The ordinance should include modifications to general limits which account for tonal, rhythmic, and impulsive characteristics of sounds. Alternatively, the ordinance could have limits for individual frequency bands, rather than the A-weighted spectrum.

Here are the relevant sections from the Austin Code of Ordinances


A person may not operate sound equipment at a business that produces sound:

(1) in excess of 85 decibels between 10:00 a.m. and 2:00 a.m., as measured at the property line of the business; or

(2) is audible at the property line of the business between 2:00 a.m. and 10:00 a.m.

Source: 1992 Code Section 10-5-4; Ord. 031023-13; Ord. 031211-11.


(A) This section applies to property zoned as residential under Section 25-2-32(B) (Zoning Districts and Map Codes).

(B) A person may not use sound equipment that produces sound audible beyond the property line of a residence in a residential area between 10:00 p.m. and 10:00 a.m.

(C) A person may not use sound equipment audible beyond the property line of a residence in a residential area that produces sound in excess of 75 decibels.

Source: 1992 Code Section 10-5-5; Ord. 031023-13; Ord. 031211-11.


(A) This section applies in a commercial recreation (CR) district.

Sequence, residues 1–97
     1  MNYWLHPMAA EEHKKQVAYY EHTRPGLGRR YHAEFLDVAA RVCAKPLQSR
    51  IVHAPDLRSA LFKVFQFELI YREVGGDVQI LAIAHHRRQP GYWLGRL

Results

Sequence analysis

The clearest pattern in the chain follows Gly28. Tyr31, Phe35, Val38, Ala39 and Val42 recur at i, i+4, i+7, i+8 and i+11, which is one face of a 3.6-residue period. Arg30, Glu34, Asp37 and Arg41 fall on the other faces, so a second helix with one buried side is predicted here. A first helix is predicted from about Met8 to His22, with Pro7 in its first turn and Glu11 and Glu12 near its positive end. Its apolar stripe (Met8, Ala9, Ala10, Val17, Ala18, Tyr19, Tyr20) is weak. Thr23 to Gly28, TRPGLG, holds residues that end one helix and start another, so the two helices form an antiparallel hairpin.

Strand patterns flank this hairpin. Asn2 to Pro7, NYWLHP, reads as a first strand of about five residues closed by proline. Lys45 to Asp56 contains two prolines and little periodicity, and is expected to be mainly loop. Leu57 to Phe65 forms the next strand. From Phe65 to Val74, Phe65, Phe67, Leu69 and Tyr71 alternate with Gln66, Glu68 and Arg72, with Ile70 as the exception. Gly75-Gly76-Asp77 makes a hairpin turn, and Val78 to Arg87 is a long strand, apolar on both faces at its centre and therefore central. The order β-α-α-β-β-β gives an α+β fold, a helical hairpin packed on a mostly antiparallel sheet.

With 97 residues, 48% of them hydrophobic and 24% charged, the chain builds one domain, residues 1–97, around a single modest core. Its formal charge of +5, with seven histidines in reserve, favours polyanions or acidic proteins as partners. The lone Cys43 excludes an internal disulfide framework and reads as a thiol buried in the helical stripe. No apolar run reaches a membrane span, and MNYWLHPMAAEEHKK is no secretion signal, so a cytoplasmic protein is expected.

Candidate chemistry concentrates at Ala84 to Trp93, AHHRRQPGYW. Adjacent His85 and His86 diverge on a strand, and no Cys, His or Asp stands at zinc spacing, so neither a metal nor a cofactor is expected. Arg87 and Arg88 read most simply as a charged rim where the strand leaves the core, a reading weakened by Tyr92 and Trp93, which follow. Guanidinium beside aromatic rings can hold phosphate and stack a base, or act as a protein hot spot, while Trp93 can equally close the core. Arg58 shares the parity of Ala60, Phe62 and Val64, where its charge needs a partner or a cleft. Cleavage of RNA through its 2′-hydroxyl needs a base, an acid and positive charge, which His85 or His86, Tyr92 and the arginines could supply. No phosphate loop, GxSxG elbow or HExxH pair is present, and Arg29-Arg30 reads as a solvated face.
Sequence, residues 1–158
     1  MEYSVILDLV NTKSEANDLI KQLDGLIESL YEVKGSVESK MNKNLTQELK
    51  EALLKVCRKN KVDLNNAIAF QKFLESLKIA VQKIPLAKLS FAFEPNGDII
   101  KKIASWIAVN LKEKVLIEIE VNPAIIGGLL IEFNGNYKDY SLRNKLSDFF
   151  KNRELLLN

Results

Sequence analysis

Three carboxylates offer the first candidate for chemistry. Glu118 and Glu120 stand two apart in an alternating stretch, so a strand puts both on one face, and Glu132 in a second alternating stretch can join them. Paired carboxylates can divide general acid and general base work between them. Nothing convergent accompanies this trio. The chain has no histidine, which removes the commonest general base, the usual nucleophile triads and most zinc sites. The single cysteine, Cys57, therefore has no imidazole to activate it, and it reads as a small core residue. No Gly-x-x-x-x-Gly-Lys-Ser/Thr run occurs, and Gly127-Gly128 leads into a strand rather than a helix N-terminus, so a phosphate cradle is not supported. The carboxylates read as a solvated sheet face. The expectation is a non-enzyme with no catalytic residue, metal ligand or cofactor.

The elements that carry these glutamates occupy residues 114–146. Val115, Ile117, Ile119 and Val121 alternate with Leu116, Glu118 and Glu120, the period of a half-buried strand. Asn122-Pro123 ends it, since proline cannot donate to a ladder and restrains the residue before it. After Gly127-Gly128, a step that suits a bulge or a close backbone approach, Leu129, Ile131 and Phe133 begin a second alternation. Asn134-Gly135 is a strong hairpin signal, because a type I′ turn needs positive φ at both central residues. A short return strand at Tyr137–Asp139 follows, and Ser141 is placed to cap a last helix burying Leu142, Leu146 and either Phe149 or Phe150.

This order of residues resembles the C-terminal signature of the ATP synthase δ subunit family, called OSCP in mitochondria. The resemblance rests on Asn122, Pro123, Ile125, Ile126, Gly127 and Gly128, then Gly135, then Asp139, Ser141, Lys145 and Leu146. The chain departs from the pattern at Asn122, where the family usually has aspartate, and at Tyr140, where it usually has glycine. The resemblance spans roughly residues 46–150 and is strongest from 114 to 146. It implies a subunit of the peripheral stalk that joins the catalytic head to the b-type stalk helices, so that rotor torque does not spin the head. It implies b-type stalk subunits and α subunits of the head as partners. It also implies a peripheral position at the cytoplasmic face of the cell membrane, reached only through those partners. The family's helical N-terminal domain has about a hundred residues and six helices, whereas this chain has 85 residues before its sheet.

(K) The noise level of live music may not exceed 70 decibels, measured at the property line.

Source: Section 13-2-660; Ord. 990225-70; Ord. 031211-11; Ord. 20090521-017.


(A) This section applies to a planned development area agreement or zoning district. The requirements of this section supersede conflicting provisions of a planned development area agreement or ordinance, if any.

(B) A planned area development may not produce a dangerous or objectionable element, as described in this section or a City administrative rule.

(E) A dangerous or objectionable element may not exceed the limits prescribed by this subsection.

(1) Except for noise from a transportation facility or construction work, noise may not exceed 55 decibels LAN during daylight hours and 45 decibels LAN during night time hours.

Source: Section 13-2-269; Ord. 990225-70; Ord. 000309-39; Ord. 031211-11.


(3) Live entertainment is permitted if the amplified sound does not exceed 70 decibels, measured at the property line of the licensed premises. In this paragraph, “premises” has the meaning ascribed to it in the Texas Alcoholic Beverage Code.

Source: Section 13-2-263; Ord. 990225-70; Ord. 031211-11.


(D) The noise level of mechanical equipment or outside sound equipment used in association with a mobile food establishment may not exceed 70 decibels when measured at the property line that is across the street from or abutting a residential use.

Source: Ord. 20060928-020; Ord. 20080131-134.


(B) The noise level of mechanical equipment may not exceed 70 decibels at the property line.

Source: Section 13-9-56; Ord. 990225-70; Ord. 031211-11.

One Comment

  1. There is also this section under the general land use development standards. This seems to be the only section the term “db” is used.

    § 25-2-1067 DESIGN REGULATIONS
    (B) The noise level of mechanical equipment may not exceed 70 db at the property line.